Culturing cells from prostate cancer biopsies to study mechanisms of disease and discover novel treatments suffers from many difficulties; however, a new study from the laboratory of Rakesh Heer (Freeman Hospital, The Newcastle upon Tyne Hospitals NHS Foundation Trust, Newcastle upon Tyne, UK) has established a new means to grow “mini 3D prostates” in the laboratory. Hepburn et al. provide proof of concept for genetic modifications in this innovative model, which lays the foundations for new preclinical approaches to personalized care that were previously considered a challenging prospect. The team hopes next to develop genetically engineered prostate cancers in a dish that are tailored to the specific genetic profiles of individual patients and determine their responses to a range of drug treatments. For all the exciting details, see STEM CELLS Translational Medicine now!
Researchers from the lab of Ton J. Rabelink (Leiden University Medical Center, Leiden, The Netherlands) recently sought to explore the maturity of endothelial cells derived from human induced pluripotent stem cells (hiPSC-ECs) by investigating their ability to express von Willebrand factor (VWF) and formation of Weibel‐Palade bodies (WPBs). Overall, Tiemeier et al. found that metabolic immaturity hampered proper hiPSC-EC function, and the formation of VWF and WPBs required the lowering of the intracellular pH of hiPSC-ECs. For more information on this fascinating new study, head over to STEM CELLS Translational Medicine.
Autosomal dominant polycystic kidney disease (ADPKD), the most common inherited kidney disease, leads to kidney failure in most patients. While mutations in the Polycystin 1 (PKD1) gene cause 85% of cases, we do not fully understand how dysregulation of PKD1 leads to cyst formation on a molecular level. Now, a new STEM CELLS Translational Medicine study from Joost H. Gribnau (Erasmus Medical Center Rotterdam, Netherlands) reports on the generation of induced pluripotent stem cells (iPSCs) from ADPKD patients to study the function of PKD1 in kidney development and cyst formation in vitro. Kenter et al. report that the iPSCs display the germline and autosomal mutations implicated in ADPKD and an epigenetic memory of kidney epithelial cells and therefore represent a powerful model to study ADPKD in vitro.
The four transcription factors that make up the Yamanaka “cocktail” (Oct4, Sox2, Klf4, and Myc, or OSKM) are well known for their capacity to reprogram somatic cells into induced pluripotent stem cells (iPSCs). Now, Huafeng Xie and Thomas Graf discuss a recent paper from Wang et al. in Nature Communications that describes the unexpected discovery that short‐term activation of OSKM expression in acute myeloid leukemia cells in vivo induces apoptosis while negligibly affecting normal hematopoietic stem and progenitor cells. Head over to STEM CELLS to discover the potential implications of these findings for novel anti‐cancer strategies.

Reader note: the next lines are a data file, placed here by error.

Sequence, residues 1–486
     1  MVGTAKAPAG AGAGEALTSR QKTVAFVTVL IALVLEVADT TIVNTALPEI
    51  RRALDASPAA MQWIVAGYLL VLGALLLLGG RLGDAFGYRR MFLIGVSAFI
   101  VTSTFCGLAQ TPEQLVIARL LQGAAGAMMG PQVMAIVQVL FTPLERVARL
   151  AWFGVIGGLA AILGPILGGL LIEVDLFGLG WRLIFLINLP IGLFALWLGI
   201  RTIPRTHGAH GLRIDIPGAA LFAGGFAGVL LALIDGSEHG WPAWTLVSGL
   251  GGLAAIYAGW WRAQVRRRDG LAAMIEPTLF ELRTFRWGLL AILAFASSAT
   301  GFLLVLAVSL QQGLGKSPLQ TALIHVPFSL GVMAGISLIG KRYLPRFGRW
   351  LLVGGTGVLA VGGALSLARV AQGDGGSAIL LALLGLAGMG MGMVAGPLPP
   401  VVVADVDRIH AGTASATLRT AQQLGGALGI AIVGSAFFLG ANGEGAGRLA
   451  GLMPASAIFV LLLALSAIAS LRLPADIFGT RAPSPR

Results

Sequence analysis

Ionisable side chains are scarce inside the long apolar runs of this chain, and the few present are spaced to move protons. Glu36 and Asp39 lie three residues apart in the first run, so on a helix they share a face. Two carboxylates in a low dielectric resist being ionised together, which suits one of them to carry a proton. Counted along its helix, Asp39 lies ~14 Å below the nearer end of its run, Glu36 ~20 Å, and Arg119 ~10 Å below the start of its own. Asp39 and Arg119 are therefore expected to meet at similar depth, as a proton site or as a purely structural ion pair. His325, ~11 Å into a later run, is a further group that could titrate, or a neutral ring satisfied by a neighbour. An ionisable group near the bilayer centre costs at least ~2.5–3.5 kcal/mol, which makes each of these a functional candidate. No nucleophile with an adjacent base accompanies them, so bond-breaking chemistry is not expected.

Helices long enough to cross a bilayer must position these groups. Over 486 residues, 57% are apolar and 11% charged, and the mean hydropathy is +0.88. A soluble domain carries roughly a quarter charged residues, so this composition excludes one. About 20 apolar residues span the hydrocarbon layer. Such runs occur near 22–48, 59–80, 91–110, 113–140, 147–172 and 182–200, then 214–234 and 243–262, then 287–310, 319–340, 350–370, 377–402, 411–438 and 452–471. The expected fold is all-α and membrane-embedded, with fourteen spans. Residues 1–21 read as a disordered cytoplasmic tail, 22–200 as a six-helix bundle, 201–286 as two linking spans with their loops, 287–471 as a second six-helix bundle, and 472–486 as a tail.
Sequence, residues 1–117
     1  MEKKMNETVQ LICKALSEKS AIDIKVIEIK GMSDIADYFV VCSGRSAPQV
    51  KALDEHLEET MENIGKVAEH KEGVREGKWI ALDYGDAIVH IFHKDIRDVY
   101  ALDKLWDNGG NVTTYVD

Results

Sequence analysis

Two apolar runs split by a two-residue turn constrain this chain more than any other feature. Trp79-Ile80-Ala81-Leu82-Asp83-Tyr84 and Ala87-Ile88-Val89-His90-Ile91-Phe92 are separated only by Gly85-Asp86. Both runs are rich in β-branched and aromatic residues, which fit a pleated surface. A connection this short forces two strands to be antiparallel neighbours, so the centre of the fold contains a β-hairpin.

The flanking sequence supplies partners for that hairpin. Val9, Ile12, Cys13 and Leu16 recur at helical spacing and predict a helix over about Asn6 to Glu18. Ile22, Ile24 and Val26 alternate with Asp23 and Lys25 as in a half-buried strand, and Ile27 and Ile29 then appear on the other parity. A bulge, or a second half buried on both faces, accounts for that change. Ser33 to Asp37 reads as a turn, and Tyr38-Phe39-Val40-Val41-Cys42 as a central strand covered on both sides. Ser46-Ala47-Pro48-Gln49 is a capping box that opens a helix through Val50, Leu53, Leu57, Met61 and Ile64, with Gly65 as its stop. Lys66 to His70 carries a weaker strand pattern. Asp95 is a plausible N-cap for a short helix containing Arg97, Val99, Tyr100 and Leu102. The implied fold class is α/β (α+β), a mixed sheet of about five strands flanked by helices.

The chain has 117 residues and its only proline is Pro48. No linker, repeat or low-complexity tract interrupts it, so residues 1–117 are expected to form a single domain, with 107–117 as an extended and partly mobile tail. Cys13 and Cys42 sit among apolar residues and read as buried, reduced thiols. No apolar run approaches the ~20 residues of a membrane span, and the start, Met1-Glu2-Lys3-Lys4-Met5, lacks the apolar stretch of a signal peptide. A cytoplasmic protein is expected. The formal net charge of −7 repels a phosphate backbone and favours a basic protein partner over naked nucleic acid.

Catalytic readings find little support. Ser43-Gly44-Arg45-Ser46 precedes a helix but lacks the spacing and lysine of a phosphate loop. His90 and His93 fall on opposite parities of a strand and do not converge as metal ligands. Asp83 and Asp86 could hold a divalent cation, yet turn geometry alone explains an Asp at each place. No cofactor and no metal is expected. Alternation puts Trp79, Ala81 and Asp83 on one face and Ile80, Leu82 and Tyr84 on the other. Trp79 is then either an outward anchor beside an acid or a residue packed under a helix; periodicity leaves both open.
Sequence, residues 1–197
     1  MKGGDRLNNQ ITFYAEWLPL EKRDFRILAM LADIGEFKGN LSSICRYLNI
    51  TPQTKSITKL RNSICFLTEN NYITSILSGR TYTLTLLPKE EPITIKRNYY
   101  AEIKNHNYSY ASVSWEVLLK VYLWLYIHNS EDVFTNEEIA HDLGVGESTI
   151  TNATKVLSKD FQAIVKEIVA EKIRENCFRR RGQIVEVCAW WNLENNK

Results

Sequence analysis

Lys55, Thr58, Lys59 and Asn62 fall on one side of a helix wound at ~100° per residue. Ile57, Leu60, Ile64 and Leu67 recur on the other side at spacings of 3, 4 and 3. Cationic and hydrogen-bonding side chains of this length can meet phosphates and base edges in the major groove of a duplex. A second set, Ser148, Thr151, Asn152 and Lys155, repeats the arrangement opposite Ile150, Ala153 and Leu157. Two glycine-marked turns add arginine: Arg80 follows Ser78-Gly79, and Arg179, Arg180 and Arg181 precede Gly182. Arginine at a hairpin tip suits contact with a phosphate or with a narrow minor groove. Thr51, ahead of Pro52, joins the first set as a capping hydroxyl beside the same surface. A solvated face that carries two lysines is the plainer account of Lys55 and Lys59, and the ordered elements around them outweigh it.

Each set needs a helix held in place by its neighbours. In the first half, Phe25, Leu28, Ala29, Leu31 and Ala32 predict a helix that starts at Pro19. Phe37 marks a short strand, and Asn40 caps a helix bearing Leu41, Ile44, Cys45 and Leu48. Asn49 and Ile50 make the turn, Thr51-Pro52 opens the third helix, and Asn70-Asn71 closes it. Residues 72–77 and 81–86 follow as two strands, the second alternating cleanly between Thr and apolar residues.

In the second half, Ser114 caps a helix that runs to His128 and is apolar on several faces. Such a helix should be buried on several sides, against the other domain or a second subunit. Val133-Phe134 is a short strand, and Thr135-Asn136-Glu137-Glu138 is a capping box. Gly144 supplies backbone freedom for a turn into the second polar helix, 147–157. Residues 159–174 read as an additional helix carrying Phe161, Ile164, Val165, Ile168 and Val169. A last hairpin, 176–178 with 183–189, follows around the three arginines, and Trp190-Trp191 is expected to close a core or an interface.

A recent STEM CELLS Translational Medicine article from the labs of Aijun Wang and Ping Zhou (University of California Davis, Sacramento, CA, USA) demonstrated that induced pluripotent stem cells (iPSCs) derived from hemophilia A patients can provide an ample supply of endothelial cells that can be genetically modified to produce functional factor VIII. Rose et al. describe how the stable engraftment of endothelial cells in neonatal and adult animals and the functional correction or alleviation of hemophilia A by these endothelial cells in animal models provide the basis for potential therapeutic development of corrected‐iPSC‐derived endothelial cells for the treatment of hemophilia A.
The impact of extracellular matrix mechanical cues and mechanotransduction signaling on inner ear progenitor cell (IEPCs) fate remains relatively undescribed; however, researchers led by Wenyan Li and Huawei Li (Fudan University, Shanghai, China) now provide the first demonstration that Ras homolog family member A (RhoA)‐mediated actin cytoskeletal contractility plays a critical role in regulating the response of IEPCs to microenvironmental mechanical cues through their application of suspension and encapsulated culture systems. More specifically, this new STEM CELLS article from Xia et al. characterized Yes-associated protein 1 (YAP1) as a mediator of mechanotransduction signaling in the expansion of IEPCs, partly through regulating b-catenin activity.